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Reflections on the Diaconate


Rebecca Swyer discusses the frequently misunderstood role of the deacon, which provides a reminder to all Christians of our shared calling


I


have lost count of the number of times that I have been asked: ‘Are you going to go further?’, i.e. am


I going to be priested, or ‘what can a deacon do then?’ Both questions highlight the


widespread ignorance within the Church of England about the diaconate and also rampant clericalism that sees the ministry of some Christians as more important than others, rather than ‘a variety of giſts, but the same Spirit’ [1 Cor. 12.4]. Defining the diaconate can be


difficult – rather like trying to hold onto a slippery eel! It is not a ministry that can be defined by tasks that only deacons can do because there aren’t any. Tere are elements of the liturgy that deacons should properly undertake, but none that only deacons can do. Tis is not a weakness, but says something about the nature of the order.


God’s call Te diaconate models the baptismal


call of all Christians to a life of service and seeks to enable and encourage others to live out that calling. Our value in God’s eyes does not come from what we do, but from who we are. In baptism God expresses his love for us by imparting his grace to transform our lives and we are sent out into the world as agents of his love. Everything we do comes from that call. Te identity of deacons rests


in


the call from God to be his servants wherever we are sent. Deacons can therefore serve in different places and situations and ‘do’ quite different things and yet still ‘be’ diaconal. I have served in a parish, and in a university seting, and now work within the diocesan structures and yet my identity and authority as a deacon remains.


Servant and prophet Diaconal ministry is paradoxical, reflecting the incarnation: Jesus


Christ, fully God and fully man. Te deacon is both servant and prophet. Te term ‘servant’ can be problematic, tending to evoke an image more akin to slavery than the radical servanthood of Christ. Jesus knelt and washed his disciples’ feet, but also overturned tables in the Temple. Likewise, people can have a skewed view of what a prophet is, believing it to be about looking into the future and preaching doom and gloom. Jesus read the signs of the times and responded appropriately, constantly proclaiming the Word of the Lord.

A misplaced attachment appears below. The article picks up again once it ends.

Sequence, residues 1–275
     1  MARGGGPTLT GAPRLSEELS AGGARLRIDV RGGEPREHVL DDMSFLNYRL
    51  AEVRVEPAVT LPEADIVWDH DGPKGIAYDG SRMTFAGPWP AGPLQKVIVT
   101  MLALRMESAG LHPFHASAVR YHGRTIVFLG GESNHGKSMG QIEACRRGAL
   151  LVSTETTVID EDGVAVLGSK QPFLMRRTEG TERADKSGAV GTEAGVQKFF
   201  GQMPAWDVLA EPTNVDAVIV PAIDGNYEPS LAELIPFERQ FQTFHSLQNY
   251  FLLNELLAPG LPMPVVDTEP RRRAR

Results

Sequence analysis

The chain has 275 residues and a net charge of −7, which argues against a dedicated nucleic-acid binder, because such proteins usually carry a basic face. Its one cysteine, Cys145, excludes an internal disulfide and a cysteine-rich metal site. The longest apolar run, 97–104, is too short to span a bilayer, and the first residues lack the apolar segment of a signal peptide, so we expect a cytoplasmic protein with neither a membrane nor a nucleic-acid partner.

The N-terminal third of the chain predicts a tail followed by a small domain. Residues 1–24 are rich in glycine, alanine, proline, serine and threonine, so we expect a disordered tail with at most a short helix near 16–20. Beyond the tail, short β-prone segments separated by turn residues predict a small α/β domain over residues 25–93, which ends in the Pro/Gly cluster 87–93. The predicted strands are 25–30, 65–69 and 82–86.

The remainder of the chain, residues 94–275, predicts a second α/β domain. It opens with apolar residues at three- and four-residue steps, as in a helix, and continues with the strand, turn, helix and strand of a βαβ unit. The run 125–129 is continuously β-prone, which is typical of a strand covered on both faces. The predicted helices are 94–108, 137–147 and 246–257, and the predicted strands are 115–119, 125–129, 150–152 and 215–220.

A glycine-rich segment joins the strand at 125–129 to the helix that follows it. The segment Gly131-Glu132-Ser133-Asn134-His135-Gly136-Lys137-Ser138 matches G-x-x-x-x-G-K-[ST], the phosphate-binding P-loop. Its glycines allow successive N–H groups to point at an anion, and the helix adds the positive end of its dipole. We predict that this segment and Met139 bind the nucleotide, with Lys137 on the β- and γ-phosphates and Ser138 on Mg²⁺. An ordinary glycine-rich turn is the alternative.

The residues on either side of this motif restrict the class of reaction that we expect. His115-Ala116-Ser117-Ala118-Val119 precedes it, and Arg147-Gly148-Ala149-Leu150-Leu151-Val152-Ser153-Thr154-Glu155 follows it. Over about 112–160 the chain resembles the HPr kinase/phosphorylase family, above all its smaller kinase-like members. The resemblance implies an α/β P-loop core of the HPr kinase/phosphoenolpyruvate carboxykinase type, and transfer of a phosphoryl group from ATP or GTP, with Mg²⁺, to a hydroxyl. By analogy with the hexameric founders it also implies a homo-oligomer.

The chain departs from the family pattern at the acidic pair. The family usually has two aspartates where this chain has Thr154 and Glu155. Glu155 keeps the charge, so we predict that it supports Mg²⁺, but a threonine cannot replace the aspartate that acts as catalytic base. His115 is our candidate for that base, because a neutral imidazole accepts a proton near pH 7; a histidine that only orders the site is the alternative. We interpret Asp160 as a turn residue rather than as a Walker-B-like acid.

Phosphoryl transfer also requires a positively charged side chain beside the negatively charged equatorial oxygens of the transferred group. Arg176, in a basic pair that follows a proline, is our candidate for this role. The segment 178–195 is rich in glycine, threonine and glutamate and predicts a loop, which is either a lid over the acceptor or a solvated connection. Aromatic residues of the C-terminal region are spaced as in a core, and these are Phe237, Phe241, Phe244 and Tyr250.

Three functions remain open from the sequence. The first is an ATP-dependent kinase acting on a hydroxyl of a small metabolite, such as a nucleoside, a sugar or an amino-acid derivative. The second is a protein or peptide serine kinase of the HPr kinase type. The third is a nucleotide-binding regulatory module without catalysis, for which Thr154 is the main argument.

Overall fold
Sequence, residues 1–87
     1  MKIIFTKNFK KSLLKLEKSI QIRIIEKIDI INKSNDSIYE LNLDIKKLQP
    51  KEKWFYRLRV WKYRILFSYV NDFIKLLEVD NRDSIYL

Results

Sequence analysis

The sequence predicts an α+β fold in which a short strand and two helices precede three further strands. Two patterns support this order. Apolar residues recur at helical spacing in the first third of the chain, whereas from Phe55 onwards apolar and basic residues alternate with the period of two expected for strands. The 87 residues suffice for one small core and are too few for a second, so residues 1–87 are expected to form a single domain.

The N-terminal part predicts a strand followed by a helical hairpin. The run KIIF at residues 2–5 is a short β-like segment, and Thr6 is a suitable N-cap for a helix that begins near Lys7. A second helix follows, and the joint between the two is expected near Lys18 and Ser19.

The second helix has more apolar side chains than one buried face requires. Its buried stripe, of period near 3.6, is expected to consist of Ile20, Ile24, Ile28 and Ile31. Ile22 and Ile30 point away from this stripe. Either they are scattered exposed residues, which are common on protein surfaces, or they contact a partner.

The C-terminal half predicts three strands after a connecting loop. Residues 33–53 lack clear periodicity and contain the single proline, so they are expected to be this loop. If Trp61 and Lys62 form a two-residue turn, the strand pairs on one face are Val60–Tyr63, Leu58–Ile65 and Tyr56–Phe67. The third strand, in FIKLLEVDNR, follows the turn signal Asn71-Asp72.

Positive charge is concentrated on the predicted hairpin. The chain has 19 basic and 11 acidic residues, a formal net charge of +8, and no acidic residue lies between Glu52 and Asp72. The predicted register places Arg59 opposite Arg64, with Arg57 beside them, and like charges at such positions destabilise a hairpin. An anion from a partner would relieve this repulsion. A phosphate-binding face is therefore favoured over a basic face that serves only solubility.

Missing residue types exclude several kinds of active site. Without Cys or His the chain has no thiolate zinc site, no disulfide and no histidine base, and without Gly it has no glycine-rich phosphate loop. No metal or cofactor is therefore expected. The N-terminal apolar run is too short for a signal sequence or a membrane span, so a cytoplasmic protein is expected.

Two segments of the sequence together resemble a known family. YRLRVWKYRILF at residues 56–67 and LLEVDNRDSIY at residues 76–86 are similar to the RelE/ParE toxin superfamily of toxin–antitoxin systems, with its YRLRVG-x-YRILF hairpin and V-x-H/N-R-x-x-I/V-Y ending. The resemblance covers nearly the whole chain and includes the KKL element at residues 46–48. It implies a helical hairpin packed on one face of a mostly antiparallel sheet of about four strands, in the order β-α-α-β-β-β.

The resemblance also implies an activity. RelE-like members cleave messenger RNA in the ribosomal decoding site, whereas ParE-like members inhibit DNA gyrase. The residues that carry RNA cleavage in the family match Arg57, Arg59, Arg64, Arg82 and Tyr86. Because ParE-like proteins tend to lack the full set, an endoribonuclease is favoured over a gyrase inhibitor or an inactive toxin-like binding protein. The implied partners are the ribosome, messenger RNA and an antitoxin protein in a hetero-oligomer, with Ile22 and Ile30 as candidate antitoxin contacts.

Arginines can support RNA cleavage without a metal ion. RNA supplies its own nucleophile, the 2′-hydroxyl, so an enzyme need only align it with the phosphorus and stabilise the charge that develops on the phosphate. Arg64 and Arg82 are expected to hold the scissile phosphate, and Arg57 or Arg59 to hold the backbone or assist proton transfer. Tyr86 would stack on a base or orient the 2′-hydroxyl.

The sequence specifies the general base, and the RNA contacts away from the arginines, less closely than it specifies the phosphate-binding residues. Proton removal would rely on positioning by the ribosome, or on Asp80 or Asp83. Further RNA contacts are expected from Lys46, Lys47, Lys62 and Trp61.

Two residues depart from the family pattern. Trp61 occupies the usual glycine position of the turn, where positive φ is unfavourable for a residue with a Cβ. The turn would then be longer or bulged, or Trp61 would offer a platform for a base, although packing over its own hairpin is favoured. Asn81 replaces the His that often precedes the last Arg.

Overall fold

baptism binds us together and demands that we serve and are served by one another


It is Jesus’ ministry of service and


prophecy for which the deacon has particular responsibility, although it should remain the foundation of priestly and episcopal ministry also. Te prophetic and serving dimension of diaconal ministry is expressed liturgically in the Eucharist in the proclamation of the Gosel and responsibility for preparing the altar.


The doorkeeper Te deacon also has a ministry of


both sending out and gathering in. Te Ordinal talks of the deacon ‘serving the community in which they are set’ and being ‘agents of God’s purposes of love’, identifying and responding to needs in the ‘forgoten corners of the world’ and bringing those needs to the church. A traditional image of the deacon


is as doorkeeper, encouraging people outside to come in and those inside to go out. Terefore in the Eucharist the deacon has traditionally overseen the intercessions and dismissed the people, commanding them to ‘go out’


in the name of Christ. Tere is perhaps a paradoxical side


to my nature. I am strong-willed, organized and firmly set in the catholic tradition of the Church of England, but am also imaginative, and enjoy challenges and responding to the ‘bigger picture’. I do not conform neatly to any


norms: I am younger than many clergy, yet have been ordained for 20 years; my characer is not an obvious choice for a servant; I hold fast to the catholic faith yet also challenge injustice and work alongside all Christians as far as my conscience will allow.


A share in authority Experience in parish, university


and diocese leads me to believe there has been inadequate exploration of diaconal


leadership and how it


relates to that of bishops and priests. Deacons are knee-jerk collaborators who seek to enable, accompany and work alongside others whether clergy or laity. Te call to wash one another’s feet means having


the humility to let


others wash our feet, and minister to us and alongside us. Traditionally deacons have a close relationship with the bishop, symbolized by standing on his right during the liturgy. Whilst the deacon is in authority


under the bishop, the right hand is a position signifying a share in authority. Tere is then a mutuality in the relationship between deacon and bishop (and priest as his representative) – I am just as much a servant, prophet and go-between to the bishop as to lay people. At a time when potential schism


lies ahead in the Church of England, the role of deacon as a permanent reminder to all Christians of our shared calling should not be underestimated or neglected. Baptism binds us together and


demands that we serve and are served by one another – which is a challenge indeed. ND


April 2011 ■ newdirections ■ 7


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